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Teaching as Art. A class at NYU ITP on pedagogy and social practice art.
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Teaching as Art

A graduate level course offered at NYU ITP in Spring 2018

Mondays 3:20~6:10pm Conference room at ITP

Professor: Taeyoon Choi

T.A.: Shira Feldman

This class is for artists and creative technologists who want to teach. A good teacher is also a great student themself. They transform their curiosity into knowledge and share their learning processes with others. One can learn to become a better teacher by staying fearless about ‘not knowing’ something, embracing radically open ideas and connecting various expertise and knowledge. Teaching can be a form of artistic and creative practice in collaboration with a diverse community. Teachers can invent new forms of learning spaces, new kinds of collaboration and new senses of community.

In this class, students will learn about applying creative processes to teaching. Students will read about the history of artists in and out of academic institutions, Black Mountain College, as well as more recent experiments. Students are expected to engage in critical discussions about the topics.

  • Week 1: Learning
  • Week 2: Curriculum
  • Week 3: Syllabus
  • Week 4: Pedagogy
  • Week 5: Inclusive Learning
  • Week 6: Mid-term presentation
  • Week 7: Unlearning
  • Week 8: Platforms
  • Week 9: Museum as a school
  • Week 10: Community as a school
  • Week 11: Final presentation #1
  • Week 12: Final presentation #2

Full semester course based on a class of same title offered in Spring 2017

The class will use a dedicated channel to share related materials. The class will use a private email list to communicate.


Letter #1 12/26/2016

Letter #2 1/6/2017

Code of conduct

Students and teacher will respect each other as equals, will speak and write kindly to each other. They will challenge each other academically and artistically.

Students will be ready in class, five minutes before the start time. Two late arrivals after 5 minutes count as an absence, two absences will result in an immediate fail. There will be no exceptions.

Students will use this GitHub repository to find the latest syllabus and reading materials as well as to submit their assignments.

Students will submit their assignment every Sunday morning by 10am. Assignments submitted after 10am will not be reviewed before the class. Students may update their assignment after initial submission and after each class.

Reading assignment for next week:

Week 1. Learner

January 22, 2018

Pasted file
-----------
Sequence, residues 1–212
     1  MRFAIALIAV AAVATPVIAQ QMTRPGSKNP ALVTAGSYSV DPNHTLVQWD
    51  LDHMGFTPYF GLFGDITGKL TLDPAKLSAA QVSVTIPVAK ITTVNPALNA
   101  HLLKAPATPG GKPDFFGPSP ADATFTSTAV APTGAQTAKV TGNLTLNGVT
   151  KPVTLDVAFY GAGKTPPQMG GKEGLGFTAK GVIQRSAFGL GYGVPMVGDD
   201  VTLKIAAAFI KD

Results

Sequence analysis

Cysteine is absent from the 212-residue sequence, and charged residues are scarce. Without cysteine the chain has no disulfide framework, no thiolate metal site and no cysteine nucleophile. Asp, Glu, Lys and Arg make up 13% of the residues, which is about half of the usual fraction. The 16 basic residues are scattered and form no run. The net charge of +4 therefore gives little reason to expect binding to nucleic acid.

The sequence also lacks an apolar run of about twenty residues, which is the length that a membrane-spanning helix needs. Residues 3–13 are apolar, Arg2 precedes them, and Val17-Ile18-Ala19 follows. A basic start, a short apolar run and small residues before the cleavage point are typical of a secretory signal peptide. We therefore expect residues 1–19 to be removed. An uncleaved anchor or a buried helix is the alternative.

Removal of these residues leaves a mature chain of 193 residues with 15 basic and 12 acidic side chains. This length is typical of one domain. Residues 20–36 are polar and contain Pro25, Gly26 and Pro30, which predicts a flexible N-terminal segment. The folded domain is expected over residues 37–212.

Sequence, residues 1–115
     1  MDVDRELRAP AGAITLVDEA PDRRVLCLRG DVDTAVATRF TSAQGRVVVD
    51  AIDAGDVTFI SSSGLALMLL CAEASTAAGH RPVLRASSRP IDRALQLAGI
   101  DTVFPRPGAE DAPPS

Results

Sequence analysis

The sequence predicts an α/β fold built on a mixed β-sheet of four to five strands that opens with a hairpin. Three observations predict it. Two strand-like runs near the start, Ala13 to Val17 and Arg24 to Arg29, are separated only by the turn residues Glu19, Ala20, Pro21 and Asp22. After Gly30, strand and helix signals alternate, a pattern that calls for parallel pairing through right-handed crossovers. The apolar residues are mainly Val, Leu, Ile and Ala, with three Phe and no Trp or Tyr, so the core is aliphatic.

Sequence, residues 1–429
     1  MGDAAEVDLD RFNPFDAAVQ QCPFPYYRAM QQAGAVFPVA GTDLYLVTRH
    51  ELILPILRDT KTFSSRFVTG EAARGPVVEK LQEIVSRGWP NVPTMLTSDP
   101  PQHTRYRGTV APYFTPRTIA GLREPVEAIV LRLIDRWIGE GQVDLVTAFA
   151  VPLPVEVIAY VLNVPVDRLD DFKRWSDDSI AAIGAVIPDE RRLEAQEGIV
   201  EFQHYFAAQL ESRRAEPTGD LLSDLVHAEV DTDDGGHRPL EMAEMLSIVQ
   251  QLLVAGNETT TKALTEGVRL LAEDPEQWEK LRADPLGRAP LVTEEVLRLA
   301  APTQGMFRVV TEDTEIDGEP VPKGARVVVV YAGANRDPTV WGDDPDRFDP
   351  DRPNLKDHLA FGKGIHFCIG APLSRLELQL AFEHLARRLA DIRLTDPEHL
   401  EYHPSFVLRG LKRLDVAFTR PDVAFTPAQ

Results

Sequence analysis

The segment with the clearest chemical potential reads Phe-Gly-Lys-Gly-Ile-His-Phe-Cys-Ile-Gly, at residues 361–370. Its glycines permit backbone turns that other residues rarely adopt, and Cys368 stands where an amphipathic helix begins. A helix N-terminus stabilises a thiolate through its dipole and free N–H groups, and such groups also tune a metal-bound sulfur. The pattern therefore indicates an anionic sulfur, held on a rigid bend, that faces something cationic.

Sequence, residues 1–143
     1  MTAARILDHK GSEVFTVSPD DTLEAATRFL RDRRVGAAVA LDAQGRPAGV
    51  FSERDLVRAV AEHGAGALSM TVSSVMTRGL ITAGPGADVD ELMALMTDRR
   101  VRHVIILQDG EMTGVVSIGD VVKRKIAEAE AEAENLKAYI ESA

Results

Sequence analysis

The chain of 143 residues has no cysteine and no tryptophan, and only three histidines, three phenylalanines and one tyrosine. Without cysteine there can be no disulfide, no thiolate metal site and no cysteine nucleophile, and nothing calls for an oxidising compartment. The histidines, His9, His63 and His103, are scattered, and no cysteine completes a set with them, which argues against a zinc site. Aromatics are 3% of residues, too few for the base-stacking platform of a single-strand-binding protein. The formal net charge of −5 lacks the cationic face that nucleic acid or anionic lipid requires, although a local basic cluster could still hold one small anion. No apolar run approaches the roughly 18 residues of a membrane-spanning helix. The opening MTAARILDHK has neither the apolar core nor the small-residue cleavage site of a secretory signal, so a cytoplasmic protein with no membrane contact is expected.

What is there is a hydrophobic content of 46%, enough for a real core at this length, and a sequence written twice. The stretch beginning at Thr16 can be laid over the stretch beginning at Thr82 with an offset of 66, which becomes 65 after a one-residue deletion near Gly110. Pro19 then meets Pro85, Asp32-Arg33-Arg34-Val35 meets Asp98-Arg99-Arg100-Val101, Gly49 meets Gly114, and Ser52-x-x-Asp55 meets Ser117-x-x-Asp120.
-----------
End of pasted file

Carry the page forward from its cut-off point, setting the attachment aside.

Lecture 1. Learner

Notes 1.

Introduction of the course and the instructor's practice and Teaching philosophy. Questions about Learning.

Rotating roles:

  • Teacher: Architect
  • Facilitator: Builder
  • Archivist: Inspector
  • Student: Inhabitant

In-class exercise: Create a map that illustrates how you learn something.

Assignment: Autobiography as a learner: Write a 500 word essay to accompany the map.

How to submit your homework with a pull request.

Deadline: 1/28/2018. Sunday morning by 10am.

Week 2. Curriculum

January 29, 2018

Lecture.2 Curriculum


What is a curriculum? Artists as educators, performance artwork as curriculum

  • Joseph Beuys & Fluxus

  • Judy Chicago & Feminism

  • Allan Kapprow & Happening

  • Institut für Raumexperimente – Berlin

  • Community is a curriculum

  • Body is a curriculum

  • Space is a curriculum

  • Street is a curriculum

  • Food is a curriculum

  • Art is a curriculum

Required readings:

  • Kojin Karatani. Architecture as Metaphor, Language, Number and Money. 1965 Chapter 4 Natural City. Page 29 on the book.
  • Pablo Helguera. Education for Socially Engaged Art - Chapter 2 Community, p 9 - 17


Design a curriculum for your young self, High School sophomore.

500 words/ 2 images

Week 3. Syllabus

February 5, 2017


  1. Review of the assignments: create a curriculum, for yourself as a sophomore in high school. Follow the review worksheet.
  2. Lecture on Syllabus
  3. In class activity: Syllabus worksheet
  4. Lecture on Art work as syllabus

Next week: Presentation of your syllabus As a presentation for the whole class, you will present your syllabus from the perspective of a teacher (or a schoolmaster). Your partner will give feedback from the perspective of a student in the school. and vice versa. It will be like role playing.

This week's homework assignment